Cryptocurrency Mining Attacks Shifting Left

Recently, there has been a flurry of cryptocurrency mining attacks hitting various entities around the globe ranging from celebrity Twitter accounts to customers running workloads across Kubernetes clusters.

For today, we'll ignore the celebrity accounts and focus on how Anchore can be used to protect your organization from cryptomining attacks. Back in April, Microsoft did an excellent job providing details into one of these attacks that leveraged a specific cryptomining image that currently has more than 10 million pulls on Docker Hub!

The central premise is straightforward, “Allow only trusted images: Enforce deployment of only trusted containers, from trusted registries.” But what happens when using trusted images isn’t enough? First, let’s set up a list of trusted images using Anchore, explore why whitelisting/blacklisting images is a good start to protecting your organization and then discuss how Anchore can amplify your security by creating STOP actions in your CI/CD pipeline using in-depth inspection of the container image itself.

Whitelisting/Blacklisting Cryptocurrency Mining Images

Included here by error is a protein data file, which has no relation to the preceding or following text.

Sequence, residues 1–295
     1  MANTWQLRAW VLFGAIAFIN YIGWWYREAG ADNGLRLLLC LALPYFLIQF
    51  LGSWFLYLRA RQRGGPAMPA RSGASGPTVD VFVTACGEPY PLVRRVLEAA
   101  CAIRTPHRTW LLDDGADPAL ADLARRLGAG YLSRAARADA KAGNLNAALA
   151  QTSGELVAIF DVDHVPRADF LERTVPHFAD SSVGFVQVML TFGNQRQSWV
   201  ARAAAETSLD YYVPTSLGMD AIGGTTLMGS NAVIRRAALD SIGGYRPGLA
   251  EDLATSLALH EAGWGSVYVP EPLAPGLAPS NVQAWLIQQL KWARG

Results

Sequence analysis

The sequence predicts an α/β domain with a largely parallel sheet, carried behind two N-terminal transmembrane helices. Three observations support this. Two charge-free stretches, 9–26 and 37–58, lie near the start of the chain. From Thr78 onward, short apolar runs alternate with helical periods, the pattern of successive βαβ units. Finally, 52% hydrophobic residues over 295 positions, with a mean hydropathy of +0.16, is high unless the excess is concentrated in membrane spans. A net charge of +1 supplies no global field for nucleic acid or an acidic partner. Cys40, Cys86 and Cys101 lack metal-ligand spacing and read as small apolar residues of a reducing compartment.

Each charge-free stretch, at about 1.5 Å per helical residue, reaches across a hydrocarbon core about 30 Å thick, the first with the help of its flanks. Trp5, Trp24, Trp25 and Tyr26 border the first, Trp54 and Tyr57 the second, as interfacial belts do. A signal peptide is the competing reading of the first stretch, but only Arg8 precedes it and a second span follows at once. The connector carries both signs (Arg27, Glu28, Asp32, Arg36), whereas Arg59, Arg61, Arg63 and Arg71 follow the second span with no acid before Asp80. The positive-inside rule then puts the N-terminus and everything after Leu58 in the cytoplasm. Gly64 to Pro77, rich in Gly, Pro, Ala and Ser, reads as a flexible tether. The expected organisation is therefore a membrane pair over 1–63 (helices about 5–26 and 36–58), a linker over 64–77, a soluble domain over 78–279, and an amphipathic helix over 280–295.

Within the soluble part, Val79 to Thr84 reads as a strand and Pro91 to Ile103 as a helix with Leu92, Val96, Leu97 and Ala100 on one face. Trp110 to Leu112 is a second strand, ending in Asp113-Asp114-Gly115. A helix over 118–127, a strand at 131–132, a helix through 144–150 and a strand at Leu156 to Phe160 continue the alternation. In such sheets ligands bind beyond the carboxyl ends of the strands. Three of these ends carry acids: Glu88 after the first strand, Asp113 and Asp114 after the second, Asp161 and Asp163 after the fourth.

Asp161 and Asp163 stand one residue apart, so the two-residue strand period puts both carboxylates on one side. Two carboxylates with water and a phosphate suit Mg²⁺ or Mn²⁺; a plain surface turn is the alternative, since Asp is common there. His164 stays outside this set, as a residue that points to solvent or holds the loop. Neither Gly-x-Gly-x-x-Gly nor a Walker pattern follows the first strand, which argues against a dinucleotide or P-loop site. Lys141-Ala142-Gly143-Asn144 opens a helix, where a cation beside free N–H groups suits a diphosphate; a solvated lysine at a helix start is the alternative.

To cover all of the bases, let’s start by building out a thorough blacklist of some commonly used mining images you can find on Docker Hub. Using Anchore Enterprise, navigate to Policy Bundles > Whitelist/Blacklist Images. From here you can add the specific image you would like to blacklist. In the end, you might have something that looks like this:

Blacklist Commonly Used Crpto Mining Images

Additionally, let’s add your approved images to the whitelist. Building off a set of approved and hardened images is a very healthy development practice for teams to adopt. This way Anchore can flag any unapproved images that may be passed through your pipeline. Ultimately, whitelisting is far more powerful, but there is no harm in doubling down here. I went ahead and set up an Ubuntu image on my whitelist below:

Anchore Whitelisting and Blacklisting Images

This is effective because it will prevent one attack scenario, which is an attacker pulling down any of the hundreds of mining images from Docker Hub and running them inside your environment. However, an attacker can easily maneuver around an organization’s whitelist/blacklist. For example, an attacker could always build a custom miner using your approved base image and a series of Docker instruction commands. That is a terrible scenario for an organization to experience, but it could happen if an insider threat or attacker decides to make a few quick crypto-bucks all while using your own approved container images and K8’s infrastructure.

Monitor the Instructions in the Dockerfile

Let’s take a look at the build steps of the kannix/monero-miner image that was referenced in the Microsoft report and demonstrate how Anchore can detect a threat even if the attacker was building using an approved image or is using a non-blacklisted image.

Anchore Monitoring Instruction in the Dockerfile